You might think Jonathan Mahler would have been pleased when he heard on the afternoon of July 18 that Guantánamo detainee Salim Hamdan was going to face trial just as Farrar, Straus and Giroux was getting ready to publish the book that Mr. Mahler had spent the last four years writing about him.
Instead, the 39-year-old journalist panicked a little. He hadn’t expected the trial so soon, and the timing made him self-conscious. What if readers thought his book, a rigorous chronicle of the Supreme Court case that led up to the trial, was just some thrown-off quickie meant to expire and disappear within a few news cycles?
“My concern was just that there would be a little burst of interest in my book, and that would be the end of it,” Mr. Mahler said. “It’s a paradox. Of course, you want your book to get a lot of attention, but the best way—sometimes the only way—to get that sort of attention is to find a way to spin your book as newsy. But the obvious downside is the risk that you’ll be pigeonholing your book as a sort of current-events book that doesn’t have any enduring importance. You kinda can’t have it both ways, I guess.”
Mr. Mahler’s editor at FSG reassured him that the improbable timing was a stroke of luck, not a setback, and when The Challenge came out on Aug. 5—just a day before the trial ended in a partial conviction—he braced himself and took full advantage of the synchronicity. That meant writing an essay about the trial for The New York Times Magazine, preparing an excerpt for publication in Time, and giving interview after interview on the radio in which his book went all but unmentioned.
Mr. Mahler did these things because he felt compelled to promote the book “by any means necessary,” but the fear that he was somehow cheapening it persisted. Mr. Mahler wanted The Challenge to be a timeless work of contemporary legal history, like A Civil Action and Gideon’s Trumpet. But would it survive its reception by the media?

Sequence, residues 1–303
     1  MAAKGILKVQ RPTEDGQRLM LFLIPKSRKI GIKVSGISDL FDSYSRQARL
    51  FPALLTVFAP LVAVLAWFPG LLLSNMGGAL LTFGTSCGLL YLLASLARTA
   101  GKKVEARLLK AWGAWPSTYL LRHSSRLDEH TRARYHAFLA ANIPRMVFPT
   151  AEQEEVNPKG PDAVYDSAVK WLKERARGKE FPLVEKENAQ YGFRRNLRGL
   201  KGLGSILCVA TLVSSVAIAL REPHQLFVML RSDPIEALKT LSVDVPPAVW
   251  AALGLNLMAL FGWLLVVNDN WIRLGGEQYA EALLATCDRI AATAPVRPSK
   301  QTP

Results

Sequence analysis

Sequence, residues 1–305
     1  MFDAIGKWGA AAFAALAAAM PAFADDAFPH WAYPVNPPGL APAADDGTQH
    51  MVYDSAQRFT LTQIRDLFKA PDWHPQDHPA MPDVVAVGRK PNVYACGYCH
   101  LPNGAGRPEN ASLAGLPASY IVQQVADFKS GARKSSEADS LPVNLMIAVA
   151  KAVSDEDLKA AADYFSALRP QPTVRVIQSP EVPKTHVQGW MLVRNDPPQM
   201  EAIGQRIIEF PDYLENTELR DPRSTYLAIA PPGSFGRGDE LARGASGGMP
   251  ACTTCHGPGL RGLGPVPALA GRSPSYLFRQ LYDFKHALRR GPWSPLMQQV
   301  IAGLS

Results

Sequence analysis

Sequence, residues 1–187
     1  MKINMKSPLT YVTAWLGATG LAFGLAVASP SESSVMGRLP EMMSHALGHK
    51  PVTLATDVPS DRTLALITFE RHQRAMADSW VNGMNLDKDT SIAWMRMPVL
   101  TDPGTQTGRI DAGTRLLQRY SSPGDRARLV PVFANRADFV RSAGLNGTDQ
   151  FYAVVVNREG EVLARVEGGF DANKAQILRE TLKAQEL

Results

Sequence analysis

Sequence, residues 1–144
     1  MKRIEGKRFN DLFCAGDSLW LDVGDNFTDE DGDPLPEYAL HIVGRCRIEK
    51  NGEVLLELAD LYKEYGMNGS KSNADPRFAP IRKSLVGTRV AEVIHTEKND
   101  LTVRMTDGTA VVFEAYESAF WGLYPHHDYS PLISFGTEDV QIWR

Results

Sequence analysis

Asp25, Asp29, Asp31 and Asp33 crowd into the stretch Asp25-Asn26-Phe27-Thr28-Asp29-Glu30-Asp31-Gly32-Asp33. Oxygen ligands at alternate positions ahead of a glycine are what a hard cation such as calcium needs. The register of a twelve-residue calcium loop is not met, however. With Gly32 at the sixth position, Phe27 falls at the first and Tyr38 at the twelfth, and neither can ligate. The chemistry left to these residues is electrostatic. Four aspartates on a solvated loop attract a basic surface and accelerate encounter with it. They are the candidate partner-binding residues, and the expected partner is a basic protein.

It’s hard to blame Mr. Mahler for his anxieties. After all, as a writer of book-length, narrative nonfiction, his goal wasn’t in fact to break news like an A1 reporter, but to contribute to the larger conversation over America and its place in the world. Imagine: a writer has the foresight to propose, sell, research, write and publish a book—a years-long process—only to be greeted with the possibility that its essence will disappear into thin air after a few newsy headlines. Copies may sell, of course. But the seriousness of the project, and the commitment of the undertaking, will be forever eclipsed.
Take Ron Suskind’s new book on the Bush administration, The Way of the World, which also was published last week. A proven scoop artist whose previous two books yielded major headlines, Mr. Suskind knew that the only thing anyone would know about his new work immediately after its publication was that it contained an explosive revelation about a letter from Iraqi intelligence to Saddam Hussein, which the C.I.A. allegedly forged at the request of the White House in order to bolster the case for the war in Iraq. It was a big, irresistible scoop, and it had captivated the media since Mike Allen first reported on the contents of Mr. Suskind’s book for the Politico late last Monday night.
On the following Friday morning—following defensive denials from the White House, former CIA director George Tenet, and Mr. Suskind’s on-the-record sources—Joe Scarborough welcomed Mr. Suskind to Morning Joe, the show he co-hosts on MSNBC.
“What did you learn in this one, Ron?” Mr. Scarborough asked, as if conducting a courtside postgame interview with an NBA player who’d just put up a triple double.
Mr. Suskind laughed a little. “Lots of new things,” he answered with a smile. “Lots of new things.” Then, confidently: “It really, interestingly, is a book that is oddly hopeful. That’s not where people are yet. They’ll get there once they pick it up and read it.”
Mr. Scarborough seemed to understand Mr. Suskind’s need to urge people to actually read his book rather than let it be swallowed up by the news cycle. “Unfortunately,” he told the author, “I think with this book, too many people are just focusing on the fake letters. Of course, that makes headlines that drive book sales, but you’ve written about many other things that are much more important for the future of this country!”
Making the hard sell, Mr. Suskind later said: “Look, there are parts of the book, readers read it and weep. And I kind of wept as I wrote parts of it! It was a moving journey.”
In a telephone interview Tuesday, Mr. Suskind said one would not be wrong to detect a little insecurity in his remarks.